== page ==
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I had more than a good turkey dinner to be grateful for this Thanksgiving: Just a couple of days before the holiday weekend, Sprint finally delivered a spanking new PalmOne Treo 650 for our evaluation.
I'd been lusting for the Treo 650 since PalmOne executives gave us an in-house demo in late September, so much so that I was beginning to fear that I had been imagining how neat it was. But after spending a few days with the evaluation unit, I'm happy to report that it is as nice an upgrade as I remembered--as it should be, for the $600 it costs (before whatever rebates you can coax out of your carrier).
For those of you who didn't catch the initial PalmOne announcement, the Treo 650 is basically an evolutionary revision of the highly popular Treo 600. At a cursory glance, you wouldn't think much had changed--and that's a good thing, because there was no reason to fool around with the Treo 600's basic design, a very successful balancing of the sometimes conflicting requirements of a PDA and a cell phone.
The alterations that PalmOne made addressed most, if not all, of the Treo 600's most glaring flaws.
Screen and Keyboard Upgrades
The most immediately noticeable improvement is the display. The Treo 650 boasts a brilliant 320-by-320 screen, compared to the old-style 160-by-160 resolution of the earlier model. When I reviewed the Treo 600, I rationalized this shortcoming by noting that since the screen itself is considerably smaller than that of a conventional Palm device, the lower resolution wasn't a big deal. And in the year or so that I lived with the 600, its screen never bothered me.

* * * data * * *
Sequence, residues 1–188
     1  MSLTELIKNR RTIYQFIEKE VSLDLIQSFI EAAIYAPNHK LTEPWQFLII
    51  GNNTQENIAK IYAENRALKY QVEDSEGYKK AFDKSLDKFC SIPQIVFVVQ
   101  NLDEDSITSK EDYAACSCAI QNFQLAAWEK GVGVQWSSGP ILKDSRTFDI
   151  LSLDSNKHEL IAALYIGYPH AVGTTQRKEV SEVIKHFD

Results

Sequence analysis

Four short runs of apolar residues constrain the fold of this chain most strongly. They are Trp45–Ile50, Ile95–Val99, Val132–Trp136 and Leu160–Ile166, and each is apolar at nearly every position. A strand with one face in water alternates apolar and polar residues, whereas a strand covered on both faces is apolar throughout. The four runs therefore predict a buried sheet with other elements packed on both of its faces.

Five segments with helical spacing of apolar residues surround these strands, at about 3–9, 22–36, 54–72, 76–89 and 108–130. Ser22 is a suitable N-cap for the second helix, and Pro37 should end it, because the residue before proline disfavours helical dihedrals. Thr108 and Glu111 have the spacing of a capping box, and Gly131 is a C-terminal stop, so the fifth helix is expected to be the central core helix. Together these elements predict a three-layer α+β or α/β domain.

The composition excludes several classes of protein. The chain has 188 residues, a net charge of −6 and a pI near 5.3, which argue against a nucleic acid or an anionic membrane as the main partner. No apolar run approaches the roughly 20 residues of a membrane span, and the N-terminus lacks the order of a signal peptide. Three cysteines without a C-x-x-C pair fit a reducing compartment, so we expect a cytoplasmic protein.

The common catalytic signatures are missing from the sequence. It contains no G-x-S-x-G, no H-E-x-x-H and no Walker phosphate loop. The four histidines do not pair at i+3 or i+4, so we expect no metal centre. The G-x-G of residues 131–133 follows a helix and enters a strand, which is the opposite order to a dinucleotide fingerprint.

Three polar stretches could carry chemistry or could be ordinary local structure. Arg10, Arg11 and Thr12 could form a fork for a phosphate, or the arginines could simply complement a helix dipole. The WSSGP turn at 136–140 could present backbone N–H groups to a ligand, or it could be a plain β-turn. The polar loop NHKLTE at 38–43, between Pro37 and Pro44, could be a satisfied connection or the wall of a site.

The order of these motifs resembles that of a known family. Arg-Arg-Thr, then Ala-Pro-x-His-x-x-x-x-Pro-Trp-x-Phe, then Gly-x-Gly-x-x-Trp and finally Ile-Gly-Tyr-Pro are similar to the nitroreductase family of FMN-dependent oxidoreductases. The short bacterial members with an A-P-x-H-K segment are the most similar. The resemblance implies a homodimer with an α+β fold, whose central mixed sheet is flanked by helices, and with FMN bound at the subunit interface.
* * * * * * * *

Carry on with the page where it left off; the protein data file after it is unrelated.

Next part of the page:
But having spent time with the Treo 650's new and improved screen, I can't imagine going back. It's somewhat akin to the way watching high-definition TV spoils you for old-fashioned standard-def programs. And while you're most likely to appreciate the improvement if you frequently use your Treo to play games or view photos, you'll notice it even if you're simply looking up a contact or a datebook appointment.
Another significant upgrade that most users will applaud is the design of the thumb keyboard. The Treo 600's keyboard, with its raised, rounded keys, was by no means a disaster. But it wasn't a touch typist's dream, either. Because of the Treo 600's relatively narrow form (part of why it felt so good to use as a phone), the keys have to be close together; and truth be told, it was sometimes easy to slide off the key you wanted.
The new model's keys have small raised edges, so it's a lot easier to maintain a grip on them. As with the Treo 600's display, I didn't really mind the shortcomings of the keyboard; it was adequate for the small amount of typing I do on my handheld. Now that I have something better, though, I wouldn't want to go back. Certainly anybody who's serious about managing e-mail on a handheld will appreciate this improvement.
A Better Camera, a Removable Battery
The Treo 600's camera was another weak spot. It could take an adequate photo outdoors, in good light; but images captured indoors, even in decent light, were generally pretty pathetic. In poor light, the camera was basically unusable.
The 650's camera doesn't improve on the VGA resolution of its predecessor; but it definitely has a better sensor. Indoor photography is no longer out of the question. It also has a 2X digital zoom (the 600 had no zoom) and can capture video. I wouldn't buy the Treo 650 because of its camera, but if you want to snap the occasional image it gives you a better chance at getting a decent shot.
The last of the major upgrades is the battery: The Treo 650 sports a removable rechargeable battery, which means you can charge and carry a spare. Now, the older model's rechargeable battery is no slouch--many a time it lasted an entire weekend for me--but being able to take a spare along is a big plus when you plan a couple of days of intensive use before you can recharge.